Time and intention are key in leadership development.
“Everything rises and falls on Leadership”.John C. Maxwell
The assumption is that Leadership is automatic, which gives birth to the question of whether leaders are born or made, as Myles Munroe in his book the Spirit of Leadership puts it, “There are many who confuse the position of Leadership with the disposition of true Leadership”. No matter what position one may be given, status in an organisation does not automatically create leadership. Genuine leadership is one’s internal disposition, which relates to a sense of purpose, self-worth, and self-concept.
I experienced this first hand when I was first introduced to transformational leadership when I first started out in my first job as a teacher.
I thought my primary role was to educate, little did I know that beyond the title, I had to function as a leader, I believe that leadership is critical to every environment. More especially if you interact with people.
The intentionality of leadership begins when one wants to make themselves better, by understanding their drives, impulses and how they respond and relate with others. This is a key component as every leader needs to be self aware and the beautiful thing about it is that it is a skill that can be learnt and developed with intention.
When a leader is not self aware they are automatically blinded to themselves and struggle with being congruent with those they lead.
Growing up both my parents were teachers, I dreaded teaching simply because I thought of having to stand in front of learners “kids” for the whole day and shout, well at least that’s the picture that had been painted to me, where a teacher was one who didn’t have control.
I was fresh out of school when I was afforded the opportunity to be a student teacher, this while I was pursuing my studies. It felt like an opportunity of growth for me, so I grabbed it with both hands.
The first class I was introduced to was the Grade 9, Life Orientation learners, little did I know I was being thrown into the deep end. They didn’t give me the time of day, I felt so misplaced as they made sure that they give me a “warm welcome” (pun intended), to the profession.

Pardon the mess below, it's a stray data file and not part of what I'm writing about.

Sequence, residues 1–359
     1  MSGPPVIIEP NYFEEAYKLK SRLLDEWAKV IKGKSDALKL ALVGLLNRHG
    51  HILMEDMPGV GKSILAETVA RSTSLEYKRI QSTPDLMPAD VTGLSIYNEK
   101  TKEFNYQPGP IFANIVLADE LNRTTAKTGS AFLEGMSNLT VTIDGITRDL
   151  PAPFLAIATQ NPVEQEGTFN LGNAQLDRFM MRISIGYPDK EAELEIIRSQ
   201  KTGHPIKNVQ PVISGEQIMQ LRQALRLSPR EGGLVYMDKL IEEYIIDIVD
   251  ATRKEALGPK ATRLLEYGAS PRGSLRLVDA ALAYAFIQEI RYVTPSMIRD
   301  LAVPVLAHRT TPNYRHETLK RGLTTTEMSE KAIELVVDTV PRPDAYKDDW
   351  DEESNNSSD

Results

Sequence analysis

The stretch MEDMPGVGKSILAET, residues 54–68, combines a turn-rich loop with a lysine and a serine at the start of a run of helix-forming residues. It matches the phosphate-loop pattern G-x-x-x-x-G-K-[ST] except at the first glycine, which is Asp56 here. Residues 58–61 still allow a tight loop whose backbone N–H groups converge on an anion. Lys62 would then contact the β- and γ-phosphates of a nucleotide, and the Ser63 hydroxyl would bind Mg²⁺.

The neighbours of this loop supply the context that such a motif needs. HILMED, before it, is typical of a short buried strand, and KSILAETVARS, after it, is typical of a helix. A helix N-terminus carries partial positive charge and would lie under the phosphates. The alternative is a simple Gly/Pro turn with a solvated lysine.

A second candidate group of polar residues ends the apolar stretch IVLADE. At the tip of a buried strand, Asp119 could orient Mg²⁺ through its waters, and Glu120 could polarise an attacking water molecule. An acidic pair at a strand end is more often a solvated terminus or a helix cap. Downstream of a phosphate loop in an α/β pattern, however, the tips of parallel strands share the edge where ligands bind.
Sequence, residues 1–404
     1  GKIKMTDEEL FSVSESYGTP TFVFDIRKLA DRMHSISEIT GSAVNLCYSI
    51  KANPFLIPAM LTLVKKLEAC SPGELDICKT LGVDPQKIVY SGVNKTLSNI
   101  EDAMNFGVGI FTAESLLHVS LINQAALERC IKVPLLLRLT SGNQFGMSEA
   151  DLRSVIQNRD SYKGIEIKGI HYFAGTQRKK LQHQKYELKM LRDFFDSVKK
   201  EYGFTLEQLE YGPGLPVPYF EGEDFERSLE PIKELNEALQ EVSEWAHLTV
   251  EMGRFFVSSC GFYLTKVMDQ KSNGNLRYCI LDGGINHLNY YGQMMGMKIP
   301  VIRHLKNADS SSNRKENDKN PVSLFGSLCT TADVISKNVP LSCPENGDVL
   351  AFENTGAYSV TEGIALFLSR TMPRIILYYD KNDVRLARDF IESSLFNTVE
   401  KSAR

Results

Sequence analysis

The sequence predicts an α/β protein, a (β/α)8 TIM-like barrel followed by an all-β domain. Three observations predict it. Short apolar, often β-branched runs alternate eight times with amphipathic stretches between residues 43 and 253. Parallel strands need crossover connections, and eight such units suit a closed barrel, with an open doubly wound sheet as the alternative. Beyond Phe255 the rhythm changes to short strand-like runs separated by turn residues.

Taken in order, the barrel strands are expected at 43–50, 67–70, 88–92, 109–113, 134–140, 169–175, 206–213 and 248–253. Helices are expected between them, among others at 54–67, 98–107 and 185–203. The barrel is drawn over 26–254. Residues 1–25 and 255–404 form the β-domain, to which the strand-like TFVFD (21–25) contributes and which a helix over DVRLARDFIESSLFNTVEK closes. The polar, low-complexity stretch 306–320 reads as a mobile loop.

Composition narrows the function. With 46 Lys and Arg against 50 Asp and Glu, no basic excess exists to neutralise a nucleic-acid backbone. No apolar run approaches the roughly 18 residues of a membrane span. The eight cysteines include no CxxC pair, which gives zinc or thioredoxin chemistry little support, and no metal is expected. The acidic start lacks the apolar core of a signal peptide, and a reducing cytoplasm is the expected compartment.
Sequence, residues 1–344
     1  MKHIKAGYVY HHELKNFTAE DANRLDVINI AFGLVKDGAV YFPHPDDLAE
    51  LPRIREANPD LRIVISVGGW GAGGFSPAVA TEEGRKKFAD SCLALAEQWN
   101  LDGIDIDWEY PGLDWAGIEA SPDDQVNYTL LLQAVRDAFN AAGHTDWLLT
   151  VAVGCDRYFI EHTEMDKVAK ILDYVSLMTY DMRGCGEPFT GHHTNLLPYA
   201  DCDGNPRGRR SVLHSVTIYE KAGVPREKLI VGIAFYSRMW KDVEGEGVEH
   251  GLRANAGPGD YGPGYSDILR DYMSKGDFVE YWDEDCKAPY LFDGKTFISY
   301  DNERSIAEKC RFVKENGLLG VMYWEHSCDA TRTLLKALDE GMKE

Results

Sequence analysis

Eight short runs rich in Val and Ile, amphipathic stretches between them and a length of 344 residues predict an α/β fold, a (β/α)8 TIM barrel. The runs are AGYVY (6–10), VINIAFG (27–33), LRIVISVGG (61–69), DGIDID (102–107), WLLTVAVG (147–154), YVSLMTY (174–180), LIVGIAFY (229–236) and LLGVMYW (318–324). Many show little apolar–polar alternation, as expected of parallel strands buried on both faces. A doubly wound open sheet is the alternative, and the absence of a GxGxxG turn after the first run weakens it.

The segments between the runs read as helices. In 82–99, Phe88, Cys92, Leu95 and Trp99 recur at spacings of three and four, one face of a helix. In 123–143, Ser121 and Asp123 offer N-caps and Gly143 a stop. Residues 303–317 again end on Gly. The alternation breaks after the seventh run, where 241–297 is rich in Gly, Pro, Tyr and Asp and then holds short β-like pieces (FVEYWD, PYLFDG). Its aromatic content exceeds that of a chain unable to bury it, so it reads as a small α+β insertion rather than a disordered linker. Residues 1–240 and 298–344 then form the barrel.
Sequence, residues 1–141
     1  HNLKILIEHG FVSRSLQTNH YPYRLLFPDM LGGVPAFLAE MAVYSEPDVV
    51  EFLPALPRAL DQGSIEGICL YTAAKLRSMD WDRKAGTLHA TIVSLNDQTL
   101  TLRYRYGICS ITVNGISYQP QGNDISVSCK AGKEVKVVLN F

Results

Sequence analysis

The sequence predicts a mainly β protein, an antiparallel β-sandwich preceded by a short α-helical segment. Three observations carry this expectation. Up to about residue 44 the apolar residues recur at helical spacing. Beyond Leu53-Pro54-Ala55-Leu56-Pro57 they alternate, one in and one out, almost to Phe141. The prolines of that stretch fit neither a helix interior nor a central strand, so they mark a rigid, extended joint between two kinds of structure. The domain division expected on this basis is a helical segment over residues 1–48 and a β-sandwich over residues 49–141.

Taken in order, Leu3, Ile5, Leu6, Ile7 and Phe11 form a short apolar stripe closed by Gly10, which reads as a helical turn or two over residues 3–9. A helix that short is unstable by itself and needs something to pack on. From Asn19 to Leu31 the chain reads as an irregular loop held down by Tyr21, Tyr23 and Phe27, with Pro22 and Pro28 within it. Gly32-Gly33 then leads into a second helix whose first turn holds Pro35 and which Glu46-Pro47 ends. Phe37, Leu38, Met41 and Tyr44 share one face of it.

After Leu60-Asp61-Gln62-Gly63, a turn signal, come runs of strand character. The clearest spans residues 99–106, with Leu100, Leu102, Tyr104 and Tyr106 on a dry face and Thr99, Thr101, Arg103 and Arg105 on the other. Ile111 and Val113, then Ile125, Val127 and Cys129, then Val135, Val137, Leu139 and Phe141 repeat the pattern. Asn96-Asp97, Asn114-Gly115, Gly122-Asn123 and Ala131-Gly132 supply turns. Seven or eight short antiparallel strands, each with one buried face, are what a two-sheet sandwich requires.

I remember going home asking myself whether I had made the right choice…
I then decided that I would seek to connect with the learners, this I did by learning and knowing their names as well as learning styles of learning.
I began to establish rapport with them.
I began to build trust and held them to a higher standard.
I would extend extra care and candour to those who were notorious for their bad behaviour.
For me this is where I was introduced to “Transformational Leadership” as I began to extend unconditional positive regard to each learner, I began to experience transformation.
The learners who were very laid back in their studies began engaging and asking questions in the class.
They began taking responsibility for their behaviour and all this began with an intentional effort to know each and every learner.
I believe that transformation takes place, when we begin to move beyond individuals names and begin to know people’s stories, when we extend ourselves to the betterment of the next person.
When individuals hold themselves to a higher standard than anyone else would hold them.